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Texas safety culture puts profits above safety, says National COSH

Gov. Perry blames energy industry hazards for high worker fatality rate

February 21, 2013
KEYWORDS deaths / safety / texas / worker
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TexasTexas Governor Rick Perry’s recent assertion that his state’s high on-the-job fatality rate is due to the dangerous nature of the energy industry is being contradicted by the National Council for Occupational Safety and Health (COSH).

Perry’s comments came during a recent press conference in California which was intended to lure California businesses to his state by emphasizing its low-tax, low-regulation benefits. When asked about Texas’ poor record of worker safety, Perry attributed the high death count to the hazardous nature of the energy industry.

"I don't think it has anything to do with the regulation side," Perry said. "It has to do with the types of jobs we have. You in California are not very knowledgeable about the energy industry, and that is a fairly dangerous workplace."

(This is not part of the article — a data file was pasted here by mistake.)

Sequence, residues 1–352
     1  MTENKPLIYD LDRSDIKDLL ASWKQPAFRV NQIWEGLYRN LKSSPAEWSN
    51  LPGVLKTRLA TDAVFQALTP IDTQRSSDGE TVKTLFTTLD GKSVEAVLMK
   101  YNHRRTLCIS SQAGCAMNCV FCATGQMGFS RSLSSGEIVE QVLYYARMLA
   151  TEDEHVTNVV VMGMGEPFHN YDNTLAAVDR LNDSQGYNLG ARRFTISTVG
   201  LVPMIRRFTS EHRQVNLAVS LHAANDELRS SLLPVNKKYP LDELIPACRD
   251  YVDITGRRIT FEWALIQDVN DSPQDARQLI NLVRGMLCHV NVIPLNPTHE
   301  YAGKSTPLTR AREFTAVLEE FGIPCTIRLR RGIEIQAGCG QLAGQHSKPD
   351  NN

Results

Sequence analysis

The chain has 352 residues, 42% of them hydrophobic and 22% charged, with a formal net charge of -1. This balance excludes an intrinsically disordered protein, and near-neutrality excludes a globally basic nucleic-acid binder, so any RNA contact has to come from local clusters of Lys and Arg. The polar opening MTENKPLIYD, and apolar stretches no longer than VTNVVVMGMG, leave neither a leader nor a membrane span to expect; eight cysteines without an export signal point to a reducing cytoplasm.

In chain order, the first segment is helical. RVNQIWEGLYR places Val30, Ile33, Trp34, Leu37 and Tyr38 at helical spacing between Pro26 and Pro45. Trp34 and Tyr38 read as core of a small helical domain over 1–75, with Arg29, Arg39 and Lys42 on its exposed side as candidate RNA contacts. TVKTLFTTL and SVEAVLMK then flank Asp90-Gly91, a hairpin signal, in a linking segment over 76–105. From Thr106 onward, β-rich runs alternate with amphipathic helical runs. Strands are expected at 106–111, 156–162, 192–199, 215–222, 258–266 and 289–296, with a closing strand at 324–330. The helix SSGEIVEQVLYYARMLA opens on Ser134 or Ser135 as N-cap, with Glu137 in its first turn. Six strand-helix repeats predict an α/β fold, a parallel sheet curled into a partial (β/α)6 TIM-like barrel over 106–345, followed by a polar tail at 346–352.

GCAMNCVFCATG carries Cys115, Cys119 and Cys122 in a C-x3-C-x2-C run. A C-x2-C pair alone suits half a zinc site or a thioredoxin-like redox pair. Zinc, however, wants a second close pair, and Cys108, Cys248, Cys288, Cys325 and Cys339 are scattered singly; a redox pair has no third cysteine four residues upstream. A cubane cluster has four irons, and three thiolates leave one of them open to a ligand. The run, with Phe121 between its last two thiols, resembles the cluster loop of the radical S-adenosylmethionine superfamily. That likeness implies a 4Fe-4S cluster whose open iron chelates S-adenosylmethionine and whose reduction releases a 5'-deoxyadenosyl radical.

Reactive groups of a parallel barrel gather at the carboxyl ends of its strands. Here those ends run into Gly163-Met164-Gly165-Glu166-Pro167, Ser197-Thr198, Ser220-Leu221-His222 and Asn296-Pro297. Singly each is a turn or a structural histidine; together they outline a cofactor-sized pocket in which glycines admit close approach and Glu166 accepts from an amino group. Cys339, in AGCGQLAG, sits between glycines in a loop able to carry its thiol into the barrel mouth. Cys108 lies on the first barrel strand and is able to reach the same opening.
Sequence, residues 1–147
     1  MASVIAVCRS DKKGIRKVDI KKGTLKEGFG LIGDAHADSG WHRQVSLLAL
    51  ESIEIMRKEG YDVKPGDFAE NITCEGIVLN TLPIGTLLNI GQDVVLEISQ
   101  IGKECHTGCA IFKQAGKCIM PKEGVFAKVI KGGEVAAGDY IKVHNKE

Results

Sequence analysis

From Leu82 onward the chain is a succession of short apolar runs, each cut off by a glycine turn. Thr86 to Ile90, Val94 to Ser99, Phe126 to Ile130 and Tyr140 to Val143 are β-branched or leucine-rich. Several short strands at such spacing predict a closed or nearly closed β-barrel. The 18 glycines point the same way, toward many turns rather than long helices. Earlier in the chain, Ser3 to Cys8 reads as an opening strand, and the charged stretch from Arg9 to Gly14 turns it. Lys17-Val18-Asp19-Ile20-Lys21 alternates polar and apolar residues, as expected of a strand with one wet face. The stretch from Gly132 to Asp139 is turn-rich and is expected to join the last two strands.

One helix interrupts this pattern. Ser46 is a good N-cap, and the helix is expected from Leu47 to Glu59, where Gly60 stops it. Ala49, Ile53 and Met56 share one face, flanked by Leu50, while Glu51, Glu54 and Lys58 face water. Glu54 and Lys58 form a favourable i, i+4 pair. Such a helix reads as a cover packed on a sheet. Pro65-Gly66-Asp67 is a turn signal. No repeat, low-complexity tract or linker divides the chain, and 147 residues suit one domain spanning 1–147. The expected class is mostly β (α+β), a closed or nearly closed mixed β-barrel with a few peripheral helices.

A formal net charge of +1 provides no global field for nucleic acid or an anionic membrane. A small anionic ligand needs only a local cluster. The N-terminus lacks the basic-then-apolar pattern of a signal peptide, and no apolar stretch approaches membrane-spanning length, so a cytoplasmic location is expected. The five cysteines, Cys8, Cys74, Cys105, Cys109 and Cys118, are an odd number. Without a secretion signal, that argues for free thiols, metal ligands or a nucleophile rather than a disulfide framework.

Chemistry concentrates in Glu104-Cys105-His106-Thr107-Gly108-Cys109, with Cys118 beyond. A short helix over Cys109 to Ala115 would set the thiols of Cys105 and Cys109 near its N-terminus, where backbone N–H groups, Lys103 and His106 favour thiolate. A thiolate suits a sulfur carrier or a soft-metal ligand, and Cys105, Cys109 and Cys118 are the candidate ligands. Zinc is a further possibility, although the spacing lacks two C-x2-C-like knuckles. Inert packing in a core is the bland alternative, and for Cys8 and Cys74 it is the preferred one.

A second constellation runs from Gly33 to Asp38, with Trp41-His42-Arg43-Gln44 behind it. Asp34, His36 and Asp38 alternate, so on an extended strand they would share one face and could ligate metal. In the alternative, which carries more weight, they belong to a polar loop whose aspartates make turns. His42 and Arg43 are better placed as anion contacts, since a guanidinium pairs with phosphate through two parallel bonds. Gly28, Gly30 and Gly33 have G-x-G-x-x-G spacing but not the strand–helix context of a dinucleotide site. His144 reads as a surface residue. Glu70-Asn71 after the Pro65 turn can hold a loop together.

He added; "We do have our fair share of on-site injuries and deaths at the workplace; but it's not because of a lack of regulation."

From 2008 through 2011, 1,839 workers were killed on the job in Texas, compared to 1,560 in California, despite California having a population some 40 percent greater than Texas.  

National COSH Executive Director Tom O’Connor acknowledged that the energy industry is more dangerous than other industries, but said that “Texas also has a safety culture that appears to prioritize profits above all else. Widespread disregard for workers’ wellbeing is clearly evidenced in the state’s consistently high rate of on-the-job fatalities.”

O’Connor said California's relatively strict regulatory climate has produced a worker fatality rate that is consistently about half that in the state of Texas, based on data from the U.S. Bureau of Labor Statistics.

California, like Texas, has a complex, diverse economy with great number of workers employed in some of the most dangerous industries: agriculture, construction, oil/gas exploration and refining, and logging. California also has a huge and diverse foreign-born worker population, which is known to be more vulnerable to workplace injury and death. Additionally, California's ongoing financial struggles resulted in a reduction in state OSHA staffing levels. 

National COSH said a lack of employer compliance with OSHA regulations, not just hazardous work, is responsible for many of the worker deaths in the Lone Star State.

The group plans to highlight worker fatalities during Workers’ Memorial Week of Action, which will take place from April 22-28 this year. Visit www.workersmemorialweek.org to learn more.

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